Congratulations to our Graduates!
The end of the semester always brings a fresh set of students finishing their career at NC State and making their way in the world. We wish this group best wishes for a bright future! See the group of graduating undergraduates and graduate students here!

Undergraduate Graduates for December 2013

Thomas Michael Batts
James Ethan Bridges
Christian Randolph Britt
Jonathan Wayne Currin
Kurtis Craig Durrant
Don Raymond Edwards
Blair A. Lane
Matthew Vernon Leary
Nicole Theresa Lewis
Keith Albert Lukowski
Justin Miles Maness
Stanton Parker McDuffie
Mason C. McNair
Caitlin Iris Miller
Whitney Duncan Phillips
Kimberly May Shearer
Timothy Aric Weiler
Amanda Michelle Wilkins
Worth E. Williams

Undergraduate Certificate Graduates

Jerry Lane Cloninger
Rodney “Pete” Franklin Pearce
John Robert Suggs

Agricultural Institute Graduates

Joshua D. Jackson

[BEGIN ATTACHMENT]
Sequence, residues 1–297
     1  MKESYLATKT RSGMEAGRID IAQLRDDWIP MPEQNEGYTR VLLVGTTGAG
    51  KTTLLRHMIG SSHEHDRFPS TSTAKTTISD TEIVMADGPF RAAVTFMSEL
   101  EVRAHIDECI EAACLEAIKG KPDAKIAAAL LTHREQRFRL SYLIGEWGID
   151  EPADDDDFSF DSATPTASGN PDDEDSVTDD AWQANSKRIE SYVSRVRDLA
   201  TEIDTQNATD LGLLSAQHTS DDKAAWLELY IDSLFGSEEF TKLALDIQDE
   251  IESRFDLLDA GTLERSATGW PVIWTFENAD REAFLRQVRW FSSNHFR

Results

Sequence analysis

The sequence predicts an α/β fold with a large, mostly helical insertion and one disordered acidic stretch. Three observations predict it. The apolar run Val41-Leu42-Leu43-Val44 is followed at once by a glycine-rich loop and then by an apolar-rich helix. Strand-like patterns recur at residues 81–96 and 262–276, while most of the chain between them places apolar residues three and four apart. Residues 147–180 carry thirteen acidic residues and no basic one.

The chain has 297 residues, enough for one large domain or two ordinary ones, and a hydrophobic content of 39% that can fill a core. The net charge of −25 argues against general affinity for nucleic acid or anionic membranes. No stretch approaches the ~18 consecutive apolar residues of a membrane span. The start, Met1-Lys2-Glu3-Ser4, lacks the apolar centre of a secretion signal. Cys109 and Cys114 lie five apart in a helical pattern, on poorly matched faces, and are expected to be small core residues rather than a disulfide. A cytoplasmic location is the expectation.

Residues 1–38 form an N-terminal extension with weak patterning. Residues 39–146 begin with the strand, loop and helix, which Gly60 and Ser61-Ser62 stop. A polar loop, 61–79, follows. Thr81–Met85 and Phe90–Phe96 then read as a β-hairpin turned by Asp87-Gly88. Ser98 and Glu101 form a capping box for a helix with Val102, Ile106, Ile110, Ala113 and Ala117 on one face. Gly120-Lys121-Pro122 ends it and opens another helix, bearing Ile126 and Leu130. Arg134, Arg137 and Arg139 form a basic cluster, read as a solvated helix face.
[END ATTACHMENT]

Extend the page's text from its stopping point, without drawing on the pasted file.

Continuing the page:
James Robert Konowski
Christian Gregory Lonnecker
Tiffany Minjarez
Edward Alton Owens
Michael Dean Sizemore
Graham Lee Walker



Ms. Jamie Mikaela Anderson, Dr. Helen Kraus, Advisor


Ms. Xiaolin Huang (In Absentia) – Ms. Julieta Sherk, Chair
Sustainable Residential Design:  An Aesthetic, Environmental, and Area Use Assessment and Evaluation

Ms. Biaofei Jiang (In Absentia) – Ms. Julieta Sherk, Chair
Street Tree Planting Methods & the Impact on the Quality of the Streetscape: A Case Study in Downtown Raleigh

Ms. Dana R. Reynolds (In Absentia) – Dr. Lucy Bradley, Chair
Planting the Seed of a Children’s Garden

Ms. Michelle A. Rose – Ms. Anne Spafford, Chair
Valuing the Residential Landscape: Comparison of Selected Ecosystem Service Benefits between Conventional and Sustainable Design


Mr. Jared G. Barnes – Dr. Paul Nelson and Dr. Brian Whipker, Co-chairs
Quantifying the Factors that Influence Root Substrate pH

Ms. Connie Landis Fisk (In Absentia) – Dr. Mike Parker and Dr. Penny Perkins-Veazie, Chair and Vice-chair
Effect of Orchard Management Practices on Peach Tree Growth, Yield, and Soil Ecology

Ms. Suzanne O’Connell – Dr. Nancy Creamer, Chair
Short-term Nitrogen Mineralization and Soil Microbial Response to the Incorporation of Warm-season Cover Crops in Organic Farming Systems

Mr. Steven M. Todd (In Absentia) – Dr. Craig Yencho, Chair
Application of Near-infrared Spectroscopy to Study Inheritance of Sweetpotato Composition Traits